Oscars voters slam Hollywood inclusion standards amid new diversity rules

A display case is seen full of Oscar statues February 20, 2004 in Hollywood, California. (Photo by Carlo Allegri/Getty Images)

The Academy Awards are facing much criticism after implementing new diversity and inclusion guidelines for 2024. 

The guidelines must be adhered to by any film in the running for a "Best Picture" Oscar.

Several voting members sounded the alarm after the Academy Awards released its Aperture 2025 initiative -- a sweeping set of regulations designed to make Hollywood more equitable and diverse.

"It’s completely ridiculous," one director said during an interview with The Post.

"I’m for diversity, but to make you cast certain types of people if you want to get nominated? That makes the whole process contrived. The person who is right for the part should get the part. Why should you be limited in your choices? But it’s the world we’re in. This is crazy."

Beginning in 2024, film producers and directors will be required to submit to the Academy a dossier of the sort that points to the race, gender, sexual orientation and disability status of their film’s cast and crew members.

According to the media outlet, one of Hollywood’s biggest producers also chimed in about the new diversity rules and noted that "very few people in the industry favor" the guidelines. 

However, they failed to speak out about the topic "out of fear of cancel culture."

"Imagine if great films were not made because of studio or corporate mandates that every film has to conform to the standard for a Best Picture nomination?" the director added.

Classic films, including "The Godfather" and "Schindler’s List," may not have qualified for Best Picture with the new inclusion guidelines that are currently mandated.

Meanwhile, legendary actor Richard Dreyfuss condemned Hollywood’s new inclusivity standards in strong terms during an interview last month, claiming they make him "vomit."

As first noted on Hollywood in Toto, PBS anchor Margaret Hoover brought up the new guidelines during her interview with the actor on "Firing Line."

She asked, "What do you think of these new inclusion standards for films?"

Not holding back, Dreyfuss declared, "They make me vomit." 

Defending his total rejection of the concept, he said, "Because this is an art form, it’s also a form of commerce, and it makes money, but it’s an art. And no one should be telling me, as an artist, that I have to give in to the latest most current idea of what morality is."

Dreyfuss further claimed he doesn’t believe that any group in society today should be given special treatment. He said, "And I’m sorry, I don’t think there’s a minority or a majority in the country that has to be catered to like that."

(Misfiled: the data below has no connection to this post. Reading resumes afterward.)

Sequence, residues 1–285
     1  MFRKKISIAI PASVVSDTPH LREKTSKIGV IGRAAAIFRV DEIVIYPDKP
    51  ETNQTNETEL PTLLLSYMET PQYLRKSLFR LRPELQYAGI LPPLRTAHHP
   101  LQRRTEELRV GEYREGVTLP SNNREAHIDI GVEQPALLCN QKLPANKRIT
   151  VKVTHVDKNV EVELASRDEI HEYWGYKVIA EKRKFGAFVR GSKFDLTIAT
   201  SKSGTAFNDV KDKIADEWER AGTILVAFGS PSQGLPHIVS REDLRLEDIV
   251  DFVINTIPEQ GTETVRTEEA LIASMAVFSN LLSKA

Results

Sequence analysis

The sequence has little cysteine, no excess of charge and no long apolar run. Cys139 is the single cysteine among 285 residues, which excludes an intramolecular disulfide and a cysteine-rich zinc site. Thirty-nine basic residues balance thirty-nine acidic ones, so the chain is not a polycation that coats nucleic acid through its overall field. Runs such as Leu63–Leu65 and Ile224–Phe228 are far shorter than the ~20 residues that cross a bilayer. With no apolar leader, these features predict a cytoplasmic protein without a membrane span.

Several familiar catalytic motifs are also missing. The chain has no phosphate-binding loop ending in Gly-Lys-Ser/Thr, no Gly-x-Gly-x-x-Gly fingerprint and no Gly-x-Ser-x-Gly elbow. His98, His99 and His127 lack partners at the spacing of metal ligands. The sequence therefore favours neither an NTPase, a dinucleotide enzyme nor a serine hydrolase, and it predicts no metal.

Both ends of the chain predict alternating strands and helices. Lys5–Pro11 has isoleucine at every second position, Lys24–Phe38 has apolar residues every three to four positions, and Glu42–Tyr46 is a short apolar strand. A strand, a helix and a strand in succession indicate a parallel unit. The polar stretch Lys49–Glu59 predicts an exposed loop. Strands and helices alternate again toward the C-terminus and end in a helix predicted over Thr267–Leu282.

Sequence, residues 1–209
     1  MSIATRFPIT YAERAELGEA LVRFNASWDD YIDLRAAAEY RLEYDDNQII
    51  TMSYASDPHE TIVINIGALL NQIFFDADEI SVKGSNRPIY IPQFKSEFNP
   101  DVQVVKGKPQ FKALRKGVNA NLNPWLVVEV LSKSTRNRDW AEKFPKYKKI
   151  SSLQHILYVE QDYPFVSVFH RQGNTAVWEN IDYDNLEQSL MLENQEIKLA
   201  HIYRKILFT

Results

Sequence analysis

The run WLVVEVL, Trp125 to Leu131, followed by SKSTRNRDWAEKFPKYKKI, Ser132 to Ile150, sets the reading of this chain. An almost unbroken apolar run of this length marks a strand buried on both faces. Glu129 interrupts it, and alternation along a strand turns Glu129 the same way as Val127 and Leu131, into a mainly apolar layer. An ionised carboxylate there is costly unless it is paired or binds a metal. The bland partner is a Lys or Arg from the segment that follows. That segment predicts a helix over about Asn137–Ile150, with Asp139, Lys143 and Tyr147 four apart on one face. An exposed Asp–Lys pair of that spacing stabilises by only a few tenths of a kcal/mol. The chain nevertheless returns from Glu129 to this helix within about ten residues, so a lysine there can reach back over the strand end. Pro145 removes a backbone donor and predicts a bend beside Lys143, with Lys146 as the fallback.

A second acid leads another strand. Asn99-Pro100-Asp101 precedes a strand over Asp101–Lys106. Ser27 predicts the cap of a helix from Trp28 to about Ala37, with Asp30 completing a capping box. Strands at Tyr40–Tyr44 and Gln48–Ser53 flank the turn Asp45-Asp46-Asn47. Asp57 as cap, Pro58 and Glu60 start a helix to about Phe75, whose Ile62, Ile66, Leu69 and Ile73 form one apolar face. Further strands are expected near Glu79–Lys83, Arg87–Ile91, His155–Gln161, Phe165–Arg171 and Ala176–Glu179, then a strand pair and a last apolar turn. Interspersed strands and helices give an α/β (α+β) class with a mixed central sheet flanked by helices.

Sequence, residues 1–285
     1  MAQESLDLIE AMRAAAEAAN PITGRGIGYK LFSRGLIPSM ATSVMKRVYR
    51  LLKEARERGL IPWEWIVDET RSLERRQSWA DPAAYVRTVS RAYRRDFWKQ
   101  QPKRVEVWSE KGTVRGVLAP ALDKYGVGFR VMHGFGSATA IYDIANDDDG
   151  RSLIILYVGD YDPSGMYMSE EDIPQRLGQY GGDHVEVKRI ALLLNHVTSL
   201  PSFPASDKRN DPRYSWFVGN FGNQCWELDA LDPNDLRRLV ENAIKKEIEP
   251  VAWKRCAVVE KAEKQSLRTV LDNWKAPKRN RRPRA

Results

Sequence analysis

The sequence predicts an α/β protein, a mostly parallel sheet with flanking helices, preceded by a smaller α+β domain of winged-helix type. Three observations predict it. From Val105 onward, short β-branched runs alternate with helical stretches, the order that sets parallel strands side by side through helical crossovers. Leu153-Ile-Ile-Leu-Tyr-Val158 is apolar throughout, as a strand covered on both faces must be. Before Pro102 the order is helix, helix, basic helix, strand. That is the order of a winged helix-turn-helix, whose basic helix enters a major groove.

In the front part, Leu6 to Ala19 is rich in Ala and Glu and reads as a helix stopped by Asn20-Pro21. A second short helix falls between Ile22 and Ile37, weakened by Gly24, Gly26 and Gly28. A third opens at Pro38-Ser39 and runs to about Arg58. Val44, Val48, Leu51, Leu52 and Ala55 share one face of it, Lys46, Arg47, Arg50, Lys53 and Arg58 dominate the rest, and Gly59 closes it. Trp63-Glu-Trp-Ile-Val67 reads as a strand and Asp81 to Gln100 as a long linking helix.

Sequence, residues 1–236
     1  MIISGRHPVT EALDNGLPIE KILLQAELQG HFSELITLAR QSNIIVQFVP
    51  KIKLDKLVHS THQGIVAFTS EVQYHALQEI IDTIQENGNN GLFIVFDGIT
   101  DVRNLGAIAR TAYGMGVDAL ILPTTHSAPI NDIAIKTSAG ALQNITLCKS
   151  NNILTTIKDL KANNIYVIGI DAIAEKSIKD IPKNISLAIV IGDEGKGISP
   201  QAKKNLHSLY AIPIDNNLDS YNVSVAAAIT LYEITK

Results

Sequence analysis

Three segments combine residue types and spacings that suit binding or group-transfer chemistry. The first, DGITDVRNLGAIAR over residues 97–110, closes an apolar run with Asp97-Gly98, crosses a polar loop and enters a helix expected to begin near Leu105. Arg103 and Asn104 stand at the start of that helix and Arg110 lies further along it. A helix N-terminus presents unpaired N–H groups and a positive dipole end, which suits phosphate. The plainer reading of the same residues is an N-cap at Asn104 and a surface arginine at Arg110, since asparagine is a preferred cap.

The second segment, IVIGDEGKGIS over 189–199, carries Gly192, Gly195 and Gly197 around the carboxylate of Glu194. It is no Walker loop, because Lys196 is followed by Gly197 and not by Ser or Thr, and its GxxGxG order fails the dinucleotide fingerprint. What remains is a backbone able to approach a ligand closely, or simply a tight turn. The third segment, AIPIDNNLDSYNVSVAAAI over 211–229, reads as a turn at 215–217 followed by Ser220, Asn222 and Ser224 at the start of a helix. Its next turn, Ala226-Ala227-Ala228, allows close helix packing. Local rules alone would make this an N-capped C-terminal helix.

In 2020, the Oscars released the controversial guidelines and explained that the new rules "are designed to encourage equitable representation on and off the screen in order to better reflect the diversity of the movie-going audience."

"The aperture must widen to reflect our diverse global population in both the creation of motion pictures and in the audiences who connect with them. The Academy is committed to playing a vital role in helping make this a reality," the Oscars official website stated. 

Not adhering to the stringent guidelines could prove detrimental for a project aspiring to be considered for a best picture nomination since the film could be disqualified from Oscar consideration if it does not employ enough people of color, people with disabilities or people who identify as LGBTQ+.

Despite receiving backlash from Oscar voters and critics, this year a Best Picture winner met the inclusion criteria. 

"Everything Everywhere All at Once" won Best Picture at the 2023 Academy Awards. 

The sci-fi indie led a mostly Asian cast including Michelle Yeoh and comeback star Ke Huy Quan.

A Hollywood executive continued to say that he’s willing to accept the new guidelines with a few exceptions.

"You have to make the best movie," the exec told the media outlet.

"I want to be inclusive, but I don’t want to put in a person from a certain ethnic group who doesn’t belong there because of the story being told. And I don’t want to make a movie with an LGBT character who does not make sense with the narrative. You can’t do this without hurting the movie. It’s ridiculous to be told what to do at the expense of getting people into movie theaters."

Fox News Digital's Gabriel Hays contributed to this report.

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